No. 9 UConn was determined to send a message Sunday night to No. 6 Notre Dame and the rest of the Big East.
The Huskies did send a message, but not the one they anticipated. After a monthlong stretch of strong play against quality opponents, the Huskies fumbled a rare one at home, serving notice that their midseason revival is still a work in progress.
After a turnover-filled first half left UConn down by 10, the Huskies could never quite get it all back, cutting the lead to one on two occasions before falling 65-59 before 10,167 at Gampel Pavilion.
The loss snapped UConn's 112-game home winning streak against Big East opponents. The last time UConn lost a conference game at home was Feb. 27, 1993, 64-62 to Georgetown. And it ended a 55-game regular season winning streak at Gampel that dated to a 72-71 loss to Tennessee on Feb. 2, 2000.
More important, the loss snapped UConn's five-game winning streak that began with a 17-point victory over Notre Dame Jan. 12.
``I've said all along, I'm not going to do any handstands,'' UConn coach Geno Auriemma said. ``I don't get excited about anything this team does, because I know it's short-lived. This team has a very difficult time sustaining things.''
Instead of widening its lead in the Big East at the start of a five-game stretch through the iron of the league, UConn (13-5, 6-1) fell into a first-place tie with Rutgers and Boston College, a half-game ahead of Notre Dame (18-3, 6-2), which beat UConn on the road for the first time in 10 meetings. The Huskies face the eighth-ranked Scarlet Knights Thursday at the Civic Center.
``We've still got a chance [to win the league],'' said Ashley Battle, who had five points, but missed three three-pointers in the final three minutes. ``We have a great opportunity here. It's not away from us. We're still in control of our own destiny. We just have to be aware that there's two sides to us. If we can hide that ugly side, we can beat any team in the country.''
The ugly side surfaced in the first half as the Huskies committed 16 turnovers, which Notre Dame converted into 17 of its 34 points. After leading 20-18 with 7:49 left in the half, UConn had one field goal and the Irish sprinted to a 34-24 halftime lead.
``We just weren't on the same page,'' said Ann Strother, who led UConn with a season-high 25 points, but had four first-half turnovers. ``It's just a lack of concentration. That's the only way to explain this loss. A total lack of concentration. The turnovers absolutely killed us.''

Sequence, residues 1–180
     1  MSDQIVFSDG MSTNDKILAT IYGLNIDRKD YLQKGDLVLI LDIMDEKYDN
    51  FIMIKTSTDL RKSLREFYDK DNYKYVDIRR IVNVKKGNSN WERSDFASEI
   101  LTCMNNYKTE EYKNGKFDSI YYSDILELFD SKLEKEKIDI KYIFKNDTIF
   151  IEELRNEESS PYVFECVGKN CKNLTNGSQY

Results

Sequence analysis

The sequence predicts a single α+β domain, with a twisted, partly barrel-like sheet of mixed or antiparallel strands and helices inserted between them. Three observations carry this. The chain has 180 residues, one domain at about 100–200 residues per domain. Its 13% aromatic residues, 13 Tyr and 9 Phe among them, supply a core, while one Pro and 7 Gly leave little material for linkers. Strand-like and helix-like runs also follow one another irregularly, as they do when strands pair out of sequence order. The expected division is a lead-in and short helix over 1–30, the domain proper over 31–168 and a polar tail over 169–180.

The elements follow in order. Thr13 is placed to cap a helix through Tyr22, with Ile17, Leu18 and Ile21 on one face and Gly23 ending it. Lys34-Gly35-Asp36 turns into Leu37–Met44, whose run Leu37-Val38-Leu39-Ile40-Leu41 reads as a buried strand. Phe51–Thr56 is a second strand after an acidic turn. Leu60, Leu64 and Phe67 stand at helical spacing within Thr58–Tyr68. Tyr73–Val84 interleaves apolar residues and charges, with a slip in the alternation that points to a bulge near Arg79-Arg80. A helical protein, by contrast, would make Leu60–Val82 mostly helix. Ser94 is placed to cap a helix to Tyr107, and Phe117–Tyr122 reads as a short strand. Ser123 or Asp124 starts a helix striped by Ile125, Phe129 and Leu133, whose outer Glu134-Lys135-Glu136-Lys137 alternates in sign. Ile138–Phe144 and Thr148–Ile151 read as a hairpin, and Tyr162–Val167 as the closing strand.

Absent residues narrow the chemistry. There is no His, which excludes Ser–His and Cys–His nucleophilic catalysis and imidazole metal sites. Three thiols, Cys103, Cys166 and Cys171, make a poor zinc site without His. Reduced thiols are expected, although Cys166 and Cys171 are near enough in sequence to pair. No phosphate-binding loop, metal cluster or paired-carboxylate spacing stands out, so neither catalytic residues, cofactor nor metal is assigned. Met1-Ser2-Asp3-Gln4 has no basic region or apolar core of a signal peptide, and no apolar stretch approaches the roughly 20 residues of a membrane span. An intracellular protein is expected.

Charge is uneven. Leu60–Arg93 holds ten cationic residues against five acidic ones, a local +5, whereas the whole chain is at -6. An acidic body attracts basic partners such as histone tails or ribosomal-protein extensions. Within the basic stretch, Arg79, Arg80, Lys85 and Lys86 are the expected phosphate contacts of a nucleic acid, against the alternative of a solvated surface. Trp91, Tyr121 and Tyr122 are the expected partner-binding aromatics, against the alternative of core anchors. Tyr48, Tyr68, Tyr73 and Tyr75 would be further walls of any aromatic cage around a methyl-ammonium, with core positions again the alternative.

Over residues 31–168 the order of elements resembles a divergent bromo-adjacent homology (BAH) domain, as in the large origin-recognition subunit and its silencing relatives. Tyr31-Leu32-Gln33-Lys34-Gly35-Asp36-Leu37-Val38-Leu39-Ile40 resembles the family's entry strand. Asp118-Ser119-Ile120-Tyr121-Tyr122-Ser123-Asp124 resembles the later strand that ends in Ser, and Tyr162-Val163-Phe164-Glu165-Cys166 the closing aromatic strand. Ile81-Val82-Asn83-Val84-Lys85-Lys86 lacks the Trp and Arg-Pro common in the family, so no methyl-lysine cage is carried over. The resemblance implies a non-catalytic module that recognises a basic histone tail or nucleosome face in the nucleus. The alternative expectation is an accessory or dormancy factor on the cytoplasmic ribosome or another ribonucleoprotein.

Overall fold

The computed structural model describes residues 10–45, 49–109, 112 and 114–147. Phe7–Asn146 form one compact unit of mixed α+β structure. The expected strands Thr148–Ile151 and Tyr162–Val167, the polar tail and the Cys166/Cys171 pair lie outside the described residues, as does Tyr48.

Yet it was the same players who came out in the second half and committed just four turnovers, scoring the first seven points to make it 34-31 and twice cutting the deficit to one, the last at 52-51 with 4:38 remaining on the sixth of Strother's career-high seven three-pointers.
``The encouraging thing was, we came out in the second half and did some things to get ourselves back in the game,'' Auriemma said. ``We had a chance to win the game.''
But the Irish had an answer for each UConn rally. On another night when Jacqueline Batteast was missing in action against UConn, scoring nine points on 3-for-17 shooting, it was the supporting cast that maintained the Irish lead. After Strother's three, Charel Allen hit a three-pointer to put Notre Dame back up by four. Allen (11 points) then hit a pullup in the lane with 3:25 left to give the Irish a 57-52 lead.
The Huskies chipped away again, closing to 59-56 with 1:39 left. The Huskies then forced Megan Duffy (12 points, seven steals) to take a difficult three-pointer as the shot clock ran out, and Duffy missed badly. But Jessica Moore could not keep the rebound alive, losing it out of bounds. On Notre Dame's second chance, Duffy found Courtney LaVere (14 points) alone underneath for a layup with 40.7 seconds left, restoring a five-point advantage.
UConn's last gasp came in the final seconds, when Strother made her final three-pointer after Battle had missed two on the same possession. Strother rebounded Battle's second miss, dribbled to the three-point line and scored with 12.6 seconds left to make it 61-59.
But Duffy, the Big East's leading free-throw shooter, was fouled on the ensuing inbounds and made both for a 63-59 lead with 11.8 seconds left. Ashley Valley missed UConn's last three-point attempt and Breona Gray hit two free throws with less than a second left for the final margin.
``We were not going to be intimidated,'' Notre Dame coach Muffet McGraw said. ``I think to come in here and play where we've never won and play like we did tonight was a real step forward for this team.''Copyright © 2014, Los Angeles Times